The next item has to do with the latest changes to the product specs requested by your internal customer-the marketing VP. Such changes are not unusual; they have been requested before in this project, and you consider these particular changes to be fairly minor. There is general agreement by the group for the need to alter the plan, and you are about to move to one of the last items on the agenda. But something holds you back, keeps you from moving on, and you pause to reflect briefly before closing down the discussion. It's nothing that anyone has said that gave you pause, but it certainly was something. Almost without thinking, you mentally review the requested changes and feel less sure about them. Something does not seem quite right-does not feel right to you.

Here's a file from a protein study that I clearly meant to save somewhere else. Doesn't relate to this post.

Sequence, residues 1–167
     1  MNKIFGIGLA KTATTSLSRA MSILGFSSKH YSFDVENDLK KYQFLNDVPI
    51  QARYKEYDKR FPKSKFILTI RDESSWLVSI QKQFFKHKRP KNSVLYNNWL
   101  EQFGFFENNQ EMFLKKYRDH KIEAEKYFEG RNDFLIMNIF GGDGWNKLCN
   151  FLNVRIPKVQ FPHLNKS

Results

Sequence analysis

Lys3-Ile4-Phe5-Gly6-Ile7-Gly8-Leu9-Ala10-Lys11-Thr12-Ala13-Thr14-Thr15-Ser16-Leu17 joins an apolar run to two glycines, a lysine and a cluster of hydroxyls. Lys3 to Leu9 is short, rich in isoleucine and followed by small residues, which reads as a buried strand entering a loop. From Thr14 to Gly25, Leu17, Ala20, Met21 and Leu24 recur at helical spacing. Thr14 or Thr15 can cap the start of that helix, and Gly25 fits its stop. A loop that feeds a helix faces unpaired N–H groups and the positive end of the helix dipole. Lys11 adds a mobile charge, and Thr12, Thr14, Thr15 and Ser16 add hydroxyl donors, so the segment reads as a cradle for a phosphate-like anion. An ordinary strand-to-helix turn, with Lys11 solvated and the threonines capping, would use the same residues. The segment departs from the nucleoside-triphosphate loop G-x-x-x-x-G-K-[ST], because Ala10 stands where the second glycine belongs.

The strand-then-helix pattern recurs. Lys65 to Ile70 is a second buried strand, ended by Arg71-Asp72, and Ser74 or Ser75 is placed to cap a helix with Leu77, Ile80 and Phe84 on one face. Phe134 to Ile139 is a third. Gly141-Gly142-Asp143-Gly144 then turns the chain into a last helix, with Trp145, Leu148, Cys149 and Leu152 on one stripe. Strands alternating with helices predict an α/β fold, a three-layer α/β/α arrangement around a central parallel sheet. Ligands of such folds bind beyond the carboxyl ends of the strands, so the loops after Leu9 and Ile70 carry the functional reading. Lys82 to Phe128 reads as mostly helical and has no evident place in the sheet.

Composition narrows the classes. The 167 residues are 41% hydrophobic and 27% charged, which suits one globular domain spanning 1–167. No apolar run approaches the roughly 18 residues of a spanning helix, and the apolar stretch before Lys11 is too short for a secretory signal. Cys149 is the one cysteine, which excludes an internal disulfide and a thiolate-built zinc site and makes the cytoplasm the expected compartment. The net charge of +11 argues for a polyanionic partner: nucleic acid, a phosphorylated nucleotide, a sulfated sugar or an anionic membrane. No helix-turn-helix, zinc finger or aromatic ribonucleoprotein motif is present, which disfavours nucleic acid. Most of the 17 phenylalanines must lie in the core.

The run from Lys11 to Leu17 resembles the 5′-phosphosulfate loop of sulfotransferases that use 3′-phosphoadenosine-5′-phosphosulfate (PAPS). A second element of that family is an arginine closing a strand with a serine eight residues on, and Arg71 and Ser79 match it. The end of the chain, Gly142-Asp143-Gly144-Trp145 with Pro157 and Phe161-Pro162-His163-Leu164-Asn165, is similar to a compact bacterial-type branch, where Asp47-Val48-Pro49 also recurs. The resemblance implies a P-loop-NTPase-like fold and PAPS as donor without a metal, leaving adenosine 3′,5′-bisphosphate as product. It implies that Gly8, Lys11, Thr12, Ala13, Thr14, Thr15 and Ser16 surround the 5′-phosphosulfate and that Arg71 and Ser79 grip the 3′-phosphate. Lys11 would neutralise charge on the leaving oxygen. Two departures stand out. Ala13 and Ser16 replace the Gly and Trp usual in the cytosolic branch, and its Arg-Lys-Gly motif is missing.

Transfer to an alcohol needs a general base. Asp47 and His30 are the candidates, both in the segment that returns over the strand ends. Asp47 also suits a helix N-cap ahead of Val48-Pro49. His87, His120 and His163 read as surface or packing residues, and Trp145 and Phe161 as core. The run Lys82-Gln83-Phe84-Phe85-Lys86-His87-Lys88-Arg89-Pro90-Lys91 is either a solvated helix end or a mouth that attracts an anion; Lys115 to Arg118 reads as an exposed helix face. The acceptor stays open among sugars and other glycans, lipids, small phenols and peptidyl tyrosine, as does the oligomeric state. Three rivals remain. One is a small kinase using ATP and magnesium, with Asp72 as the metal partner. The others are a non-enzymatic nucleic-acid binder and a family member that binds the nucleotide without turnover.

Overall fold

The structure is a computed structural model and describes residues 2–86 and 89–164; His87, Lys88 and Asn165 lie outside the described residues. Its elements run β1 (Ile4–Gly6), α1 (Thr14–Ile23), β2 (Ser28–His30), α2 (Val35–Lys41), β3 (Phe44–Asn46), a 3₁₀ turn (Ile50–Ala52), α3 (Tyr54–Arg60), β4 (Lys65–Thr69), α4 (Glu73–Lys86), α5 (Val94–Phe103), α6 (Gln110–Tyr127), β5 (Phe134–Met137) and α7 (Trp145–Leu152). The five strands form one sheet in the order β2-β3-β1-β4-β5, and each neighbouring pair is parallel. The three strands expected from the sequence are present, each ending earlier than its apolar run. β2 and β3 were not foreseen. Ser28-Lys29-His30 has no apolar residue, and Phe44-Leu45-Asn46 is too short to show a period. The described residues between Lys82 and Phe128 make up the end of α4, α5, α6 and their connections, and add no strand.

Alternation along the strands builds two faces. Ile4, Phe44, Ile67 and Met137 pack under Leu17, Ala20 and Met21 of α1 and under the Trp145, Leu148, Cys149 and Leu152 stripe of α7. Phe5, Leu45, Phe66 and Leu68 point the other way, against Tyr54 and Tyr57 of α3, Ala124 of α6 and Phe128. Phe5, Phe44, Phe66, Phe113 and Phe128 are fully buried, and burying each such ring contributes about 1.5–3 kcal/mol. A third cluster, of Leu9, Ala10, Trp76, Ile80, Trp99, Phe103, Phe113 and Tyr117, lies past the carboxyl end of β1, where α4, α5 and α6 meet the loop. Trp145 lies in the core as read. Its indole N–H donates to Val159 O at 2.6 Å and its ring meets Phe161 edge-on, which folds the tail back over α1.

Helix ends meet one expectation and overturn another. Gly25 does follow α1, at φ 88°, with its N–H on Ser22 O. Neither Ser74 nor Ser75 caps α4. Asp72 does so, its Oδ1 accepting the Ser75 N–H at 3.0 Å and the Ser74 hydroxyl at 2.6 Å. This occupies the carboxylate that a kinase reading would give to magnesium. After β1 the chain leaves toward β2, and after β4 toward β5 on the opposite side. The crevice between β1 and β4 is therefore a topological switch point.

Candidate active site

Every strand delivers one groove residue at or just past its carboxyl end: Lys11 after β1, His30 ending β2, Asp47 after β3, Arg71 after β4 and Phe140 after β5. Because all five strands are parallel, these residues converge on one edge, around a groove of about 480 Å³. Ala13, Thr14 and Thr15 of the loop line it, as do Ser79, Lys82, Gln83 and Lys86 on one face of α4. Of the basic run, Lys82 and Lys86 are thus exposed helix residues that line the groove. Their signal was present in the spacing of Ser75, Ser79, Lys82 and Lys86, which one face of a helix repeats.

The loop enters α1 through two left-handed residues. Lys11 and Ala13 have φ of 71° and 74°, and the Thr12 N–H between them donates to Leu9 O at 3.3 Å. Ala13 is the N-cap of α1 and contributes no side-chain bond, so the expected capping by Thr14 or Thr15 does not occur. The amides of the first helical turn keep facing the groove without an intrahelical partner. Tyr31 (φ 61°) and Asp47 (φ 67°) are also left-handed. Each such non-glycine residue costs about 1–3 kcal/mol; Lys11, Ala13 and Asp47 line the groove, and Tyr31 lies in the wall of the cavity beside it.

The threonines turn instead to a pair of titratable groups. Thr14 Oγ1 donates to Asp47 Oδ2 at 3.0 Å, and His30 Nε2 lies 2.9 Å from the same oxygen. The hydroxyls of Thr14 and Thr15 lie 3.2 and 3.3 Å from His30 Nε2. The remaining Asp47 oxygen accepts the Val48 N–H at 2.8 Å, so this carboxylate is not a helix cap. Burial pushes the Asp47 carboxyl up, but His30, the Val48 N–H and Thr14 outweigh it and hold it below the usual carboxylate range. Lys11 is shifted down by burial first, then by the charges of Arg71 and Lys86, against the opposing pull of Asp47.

You consider letting this fleeting feeling pass. But even though you have paused for just a few seconds, you see that the pause has had an effect on the group. They seem a bit more attentive and have drawn themselves forward in their chairs. The mood is a bit more serious. One of your senior engineers speaks up and wonders whether the changes, albeit minor, will have an impact on any of the underlying architecture. It's an annoying question, as you have covered this ground a number of times. Again though, you reflect that the vague uneasiness you just felt may have something to do with this very issue. You ask for others' input, and with the now-more-serious focus, a number of team members point out that the product changes are much less trivial than they first appeared to be. You encourage this focused attention and analysis to continue, and in doing so, the team realizes that the system was simply not being designed with such changes in mind. Rather than looking for buy-in, you are now seeking information with which to go back to the marketing VP to demonstrate that the requested changes are not feasible.